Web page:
SANTA ANA, Calif. -- At Disneyland's 50th anniversary celebration in July, Newport Beach, Calif., resident Michael Geoghegan was one of the first people inside the gate.
He wasn't there to enjoy himself but to capture the sounds and secrets of the Magic Kingdom's special event for Disney fans.
Geoghegan treated his audience to a tour of Walt Disney's private apartment above the fire station on Main Street, interviews with ''Mary Poppins" star Julie Andrews and Disney chairman Michael Eisner, and reminiscences from some of that day's park visitors.
Geoghegan's shows didn't go out over the radio, but as podcasts over the Internet to personal computers and MP3 players.
Podcasting, which gets its name from the most popular personal media player, Apple's iPod, just turned a year old in September and has already evolved from the playground of hobbyists to a tool of Fortune 500 companies.
Still to be seen is whether Disneyland's recent podcasts will turn out to be part of a short-lived fad or will help lead the way to increasing corporate forays into a new technology for reaching customers, investors, and employees.
Podcasts are MP3 audio files -- everything from music to informative programming -- that individuals can download and listen to when and where they want.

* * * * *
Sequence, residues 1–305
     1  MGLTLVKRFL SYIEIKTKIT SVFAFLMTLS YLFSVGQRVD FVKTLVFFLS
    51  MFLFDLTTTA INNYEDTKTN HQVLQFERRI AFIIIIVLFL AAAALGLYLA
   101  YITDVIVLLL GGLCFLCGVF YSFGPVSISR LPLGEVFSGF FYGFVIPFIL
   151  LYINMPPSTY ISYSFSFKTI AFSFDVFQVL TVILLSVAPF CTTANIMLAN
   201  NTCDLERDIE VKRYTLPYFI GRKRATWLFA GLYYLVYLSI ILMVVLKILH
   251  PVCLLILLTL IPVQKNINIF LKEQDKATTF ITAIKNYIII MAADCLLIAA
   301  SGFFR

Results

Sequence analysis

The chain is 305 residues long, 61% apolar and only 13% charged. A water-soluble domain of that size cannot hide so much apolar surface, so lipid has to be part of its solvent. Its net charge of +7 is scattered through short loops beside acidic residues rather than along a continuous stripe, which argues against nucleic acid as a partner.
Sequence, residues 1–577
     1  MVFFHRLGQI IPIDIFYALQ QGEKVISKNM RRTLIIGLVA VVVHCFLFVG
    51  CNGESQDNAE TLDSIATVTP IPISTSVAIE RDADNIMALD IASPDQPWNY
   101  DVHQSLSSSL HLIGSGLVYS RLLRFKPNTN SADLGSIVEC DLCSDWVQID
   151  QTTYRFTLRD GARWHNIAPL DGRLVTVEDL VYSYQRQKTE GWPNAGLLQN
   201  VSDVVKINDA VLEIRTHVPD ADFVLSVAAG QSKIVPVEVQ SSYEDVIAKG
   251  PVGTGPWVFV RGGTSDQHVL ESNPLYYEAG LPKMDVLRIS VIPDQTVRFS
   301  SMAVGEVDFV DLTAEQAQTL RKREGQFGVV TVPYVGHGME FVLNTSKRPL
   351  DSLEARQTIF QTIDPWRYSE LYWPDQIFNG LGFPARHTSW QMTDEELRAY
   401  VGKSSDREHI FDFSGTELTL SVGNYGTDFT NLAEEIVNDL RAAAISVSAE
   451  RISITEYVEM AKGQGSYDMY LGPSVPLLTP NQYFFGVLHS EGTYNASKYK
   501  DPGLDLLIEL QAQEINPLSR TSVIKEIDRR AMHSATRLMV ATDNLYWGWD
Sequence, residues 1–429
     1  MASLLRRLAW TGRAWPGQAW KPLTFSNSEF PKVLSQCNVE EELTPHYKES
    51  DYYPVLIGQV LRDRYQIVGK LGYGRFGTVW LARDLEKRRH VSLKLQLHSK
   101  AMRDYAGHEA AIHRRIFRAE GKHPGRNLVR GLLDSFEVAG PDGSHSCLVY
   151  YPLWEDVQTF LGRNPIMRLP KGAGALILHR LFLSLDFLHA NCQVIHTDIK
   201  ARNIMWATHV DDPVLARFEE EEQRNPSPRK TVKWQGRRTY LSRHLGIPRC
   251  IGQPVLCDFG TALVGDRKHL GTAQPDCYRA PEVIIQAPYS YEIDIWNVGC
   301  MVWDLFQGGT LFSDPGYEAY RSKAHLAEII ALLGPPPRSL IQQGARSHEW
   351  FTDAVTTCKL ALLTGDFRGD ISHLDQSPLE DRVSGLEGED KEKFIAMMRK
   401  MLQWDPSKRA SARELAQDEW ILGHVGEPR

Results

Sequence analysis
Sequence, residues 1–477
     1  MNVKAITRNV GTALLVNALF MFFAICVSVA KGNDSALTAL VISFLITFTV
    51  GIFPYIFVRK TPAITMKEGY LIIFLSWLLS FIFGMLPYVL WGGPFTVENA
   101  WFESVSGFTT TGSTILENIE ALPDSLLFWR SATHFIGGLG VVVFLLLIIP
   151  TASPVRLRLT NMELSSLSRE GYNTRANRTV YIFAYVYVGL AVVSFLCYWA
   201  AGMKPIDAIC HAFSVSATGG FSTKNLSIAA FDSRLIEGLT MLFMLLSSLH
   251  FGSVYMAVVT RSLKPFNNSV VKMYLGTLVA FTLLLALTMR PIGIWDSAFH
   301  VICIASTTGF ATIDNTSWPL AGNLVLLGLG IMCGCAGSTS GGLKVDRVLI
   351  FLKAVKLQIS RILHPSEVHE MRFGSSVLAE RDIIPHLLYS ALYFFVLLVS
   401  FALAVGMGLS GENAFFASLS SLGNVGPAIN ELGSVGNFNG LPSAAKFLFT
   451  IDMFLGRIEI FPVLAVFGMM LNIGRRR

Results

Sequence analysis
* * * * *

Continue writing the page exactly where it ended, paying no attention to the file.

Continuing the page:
Geoghegan was one of the first to develop a nonmusic podcast, ''Reel Reviews." He has since coauthored a book on the subject, ''Podcast Solutions," and formed a corporation, Willnick Productions, to make money in the new medium.
Along with tens of thousands of individuals, a few corporations have jumped on the podcasting bandwagon. In addition to Disneyland: Pontiac podcast its party that introduced its new car, Solstice, June 21 in New York's Times Square.
IBM disclosed in August that it will post podcasts on its investor relations website.
Virgin Atlantic Airlines podcasts audio tours of New York City.
TV Guide magazine dishes entertainment dirt on its weekly podcasts.
''Podcasting is still in the Wild West stage -- people figuring out what they can do with it," said Greg Cangialosi, a Baltimore podcaster who helped Geoghegan with the first Disneyland podcasts in May and did the Pontiac podcast from Times Square. ''But it's viable enough that you have corporations coming in."
The trick for corporations is to avoid being boring, adds Mike Spataro of Weber Shandwick, the public relations firm for Pontiac.
''The content has to be interesting to have people want to subscribe," he said. In that way, they are like infomercials, he suggests -- a company with a new diet product can't simply release audio infomercials about the product; they have to be informative and entertaining shows about battling obesity.
Some early corporate podcasts were read straight from marketing brochures, Geoghegan said.
''Disney stood out because it was the first corporation to do content produced specifically for a podcast," he said.